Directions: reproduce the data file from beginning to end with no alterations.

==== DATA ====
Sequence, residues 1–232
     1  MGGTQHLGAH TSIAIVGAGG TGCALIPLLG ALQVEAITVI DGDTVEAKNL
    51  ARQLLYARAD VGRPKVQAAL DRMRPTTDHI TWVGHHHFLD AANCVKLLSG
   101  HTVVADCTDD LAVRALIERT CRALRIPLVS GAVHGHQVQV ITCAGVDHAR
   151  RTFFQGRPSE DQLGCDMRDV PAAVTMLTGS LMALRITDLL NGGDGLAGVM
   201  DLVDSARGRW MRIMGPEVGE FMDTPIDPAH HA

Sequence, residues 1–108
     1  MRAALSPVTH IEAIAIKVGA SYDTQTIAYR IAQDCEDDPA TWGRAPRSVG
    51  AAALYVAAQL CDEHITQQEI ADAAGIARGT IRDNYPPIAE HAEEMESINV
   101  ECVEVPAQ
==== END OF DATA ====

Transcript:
Sequence, residues 1–232
     1  MGGTQHLGAH TSIAIVGAGG TGCALIPLLG ALQVEAITVI DGDTVEAKNL
    51  ARQLLYARAD VGRPKVQAAL DRMRPTTDHI TWVGHHHFLD AANCVKLLSG
   101  HTVVADCTDD LAVRALIERT CRALRIPLVS GAVHGHQVQV ITCAGVDHAR
   151  RTFFQGRPSE DQLGCDMRDV PAAVTMLTGS LMALRITDLL NGGDGLAGVM
   201  DLVDSARGRW MRIMGPEVGE FMDTPIDPAH HA

Sequence, residues 1–108
     1  MRAALSPVTH IEAIAIKVGA SYDTQTIAYR IAQDCEDDPA TWGRAPRSVG
    51  AAALYVAAQL CDEHITQQEI ADAAGIARGT IRDNYPPIAE HAEEMESINV
   101  ECVEVPAQ